They were in the midst of pulling off the biggest cybercrime ever perpetrated: hacking into the databases of some 250 companies — including Barnes & Noble, Office Max, 7-Eleven, Boston Market, Sports Authority and DSW — and stealing 170 million credit-card numbers. "Thank God," Albert pronounced, his eyes widening with relief and excitement.
But unless Albert could get Stephen to focus, the whole thing was in danger of falling apart."Now that I've got you here, I need you to do it, or it's never gonna happen," Albert urged. Together, the three friends had just succeeded at putting some finishing touches on a vast criminal enterprise, one that U. Attorney General Michael Mukasey would call "the single largest and most complex identity-theft case ever charged in this country."Only 25 years old, with little more than a high school education, Albert had created the perfect bubble, a hermetically sealed moral universe in which he made the rules and controlled all the variables — and the only code that mattered was the loyalty of his inner circle.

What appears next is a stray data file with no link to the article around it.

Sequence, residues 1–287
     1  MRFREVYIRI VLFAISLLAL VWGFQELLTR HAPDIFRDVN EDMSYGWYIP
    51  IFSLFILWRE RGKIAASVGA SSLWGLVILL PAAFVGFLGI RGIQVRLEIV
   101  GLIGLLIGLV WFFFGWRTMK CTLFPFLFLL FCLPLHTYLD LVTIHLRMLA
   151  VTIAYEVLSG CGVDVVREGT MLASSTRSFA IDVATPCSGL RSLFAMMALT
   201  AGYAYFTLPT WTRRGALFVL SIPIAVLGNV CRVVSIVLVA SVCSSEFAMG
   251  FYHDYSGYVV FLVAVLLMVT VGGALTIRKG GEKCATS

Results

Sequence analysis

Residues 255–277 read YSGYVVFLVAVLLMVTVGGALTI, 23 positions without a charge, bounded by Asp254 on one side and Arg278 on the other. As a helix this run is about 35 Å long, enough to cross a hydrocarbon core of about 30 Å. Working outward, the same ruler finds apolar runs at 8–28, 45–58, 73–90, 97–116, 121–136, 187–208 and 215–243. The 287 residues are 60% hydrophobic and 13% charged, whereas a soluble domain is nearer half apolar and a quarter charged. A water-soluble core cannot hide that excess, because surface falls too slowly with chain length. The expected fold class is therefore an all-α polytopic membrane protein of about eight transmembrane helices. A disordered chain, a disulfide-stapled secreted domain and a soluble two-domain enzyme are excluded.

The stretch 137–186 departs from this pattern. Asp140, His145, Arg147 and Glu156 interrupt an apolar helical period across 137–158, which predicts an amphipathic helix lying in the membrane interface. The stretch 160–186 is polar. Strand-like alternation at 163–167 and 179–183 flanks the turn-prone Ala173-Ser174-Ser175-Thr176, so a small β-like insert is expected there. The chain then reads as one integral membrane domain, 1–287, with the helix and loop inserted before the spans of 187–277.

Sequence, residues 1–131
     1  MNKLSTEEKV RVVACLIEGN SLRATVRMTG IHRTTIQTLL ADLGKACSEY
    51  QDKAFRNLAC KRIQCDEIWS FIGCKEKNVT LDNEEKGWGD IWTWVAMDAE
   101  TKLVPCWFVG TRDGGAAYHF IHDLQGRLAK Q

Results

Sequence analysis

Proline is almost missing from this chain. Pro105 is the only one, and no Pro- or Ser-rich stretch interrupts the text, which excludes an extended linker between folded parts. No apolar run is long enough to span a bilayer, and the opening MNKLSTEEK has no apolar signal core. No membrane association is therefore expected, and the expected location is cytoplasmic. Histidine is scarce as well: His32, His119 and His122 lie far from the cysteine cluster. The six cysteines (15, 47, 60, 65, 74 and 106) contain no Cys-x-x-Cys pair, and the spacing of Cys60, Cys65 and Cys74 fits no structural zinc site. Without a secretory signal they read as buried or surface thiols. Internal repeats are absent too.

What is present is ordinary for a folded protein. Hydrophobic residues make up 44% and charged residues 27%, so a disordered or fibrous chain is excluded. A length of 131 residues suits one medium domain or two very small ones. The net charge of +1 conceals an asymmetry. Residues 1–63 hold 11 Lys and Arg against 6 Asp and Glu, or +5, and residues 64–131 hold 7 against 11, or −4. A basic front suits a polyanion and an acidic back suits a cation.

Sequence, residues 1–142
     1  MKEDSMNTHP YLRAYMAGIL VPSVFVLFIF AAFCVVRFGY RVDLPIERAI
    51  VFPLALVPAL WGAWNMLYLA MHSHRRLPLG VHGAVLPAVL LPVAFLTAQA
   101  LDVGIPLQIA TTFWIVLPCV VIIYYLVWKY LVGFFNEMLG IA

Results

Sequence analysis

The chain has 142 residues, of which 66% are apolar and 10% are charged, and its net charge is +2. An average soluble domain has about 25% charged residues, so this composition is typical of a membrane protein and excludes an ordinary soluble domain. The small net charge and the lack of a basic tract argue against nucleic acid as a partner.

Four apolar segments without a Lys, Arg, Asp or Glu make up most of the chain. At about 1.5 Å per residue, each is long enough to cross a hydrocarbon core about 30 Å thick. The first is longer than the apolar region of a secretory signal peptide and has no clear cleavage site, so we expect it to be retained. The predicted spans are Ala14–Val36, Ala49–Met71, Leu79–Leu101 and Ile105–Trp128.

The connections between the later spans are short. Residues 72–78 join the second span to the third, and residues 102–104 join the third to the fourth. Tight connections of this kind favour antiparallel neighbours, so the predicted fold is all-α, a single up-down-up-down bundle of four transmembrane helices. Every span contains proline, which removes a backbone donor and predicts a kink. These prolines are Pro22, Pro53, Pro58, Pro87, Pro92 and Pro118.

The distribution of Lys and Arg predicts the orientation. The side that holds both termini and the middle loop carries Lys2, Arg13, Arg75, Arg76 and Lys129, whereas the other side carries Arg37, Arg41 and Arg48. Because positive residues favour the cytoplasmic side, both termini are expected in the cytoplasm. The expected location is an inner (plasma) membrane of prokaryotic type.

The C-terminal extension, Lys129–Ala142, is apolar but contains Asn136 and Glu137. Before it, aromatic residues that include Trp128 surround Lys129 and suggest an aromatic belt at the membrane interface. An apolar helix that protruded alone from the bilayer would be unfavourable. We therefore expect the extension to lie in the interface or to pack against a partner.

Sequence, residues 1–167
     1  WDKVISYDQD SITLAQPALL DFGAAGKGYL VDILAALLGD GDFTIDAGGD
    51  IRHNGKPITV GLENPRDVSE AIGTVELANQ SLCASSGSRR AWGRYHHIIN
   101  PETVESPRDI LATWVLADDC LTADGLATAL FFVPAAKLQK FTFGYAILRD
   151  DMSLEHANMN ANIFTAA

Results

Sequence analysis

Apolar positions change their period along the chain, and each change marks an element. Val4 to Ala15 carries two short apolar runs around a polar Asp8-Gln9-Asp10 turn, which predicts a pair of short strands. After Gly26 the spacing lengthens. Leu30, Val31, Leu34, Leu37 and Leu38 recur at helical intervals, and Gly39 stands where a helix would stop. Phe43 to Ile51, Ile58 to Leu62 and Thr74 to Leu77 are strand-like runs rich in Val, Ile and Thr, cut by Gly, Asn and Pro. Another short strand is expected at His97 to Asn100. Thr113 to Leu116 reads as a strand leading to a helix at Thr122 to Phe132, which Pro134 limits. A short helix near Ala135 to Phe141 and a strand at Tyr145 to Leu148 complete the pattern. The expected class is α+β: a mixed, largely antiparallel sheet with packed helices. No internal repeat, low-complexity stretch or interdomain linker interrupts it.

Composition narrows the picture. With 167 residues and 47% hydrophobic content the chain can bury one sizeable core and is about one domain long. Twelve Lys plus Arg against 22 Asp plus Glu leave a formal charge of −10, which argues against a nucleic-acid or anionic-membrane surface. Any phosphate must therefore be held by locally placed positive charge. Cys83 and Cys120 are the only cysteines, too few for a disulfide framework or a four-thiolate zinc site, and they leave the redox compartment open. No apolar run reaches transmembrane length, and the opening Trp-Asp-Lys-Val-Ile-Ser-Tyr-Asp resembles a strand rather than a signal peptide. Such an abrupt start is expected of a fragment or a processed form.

Before long, he discovered Internet Relay Chat, a web forum popular with hackers who discussed the how-tos of breaching Internet security at its highest levels."It was already like an obsessive vice," his mother, Maria, would later tell a judge.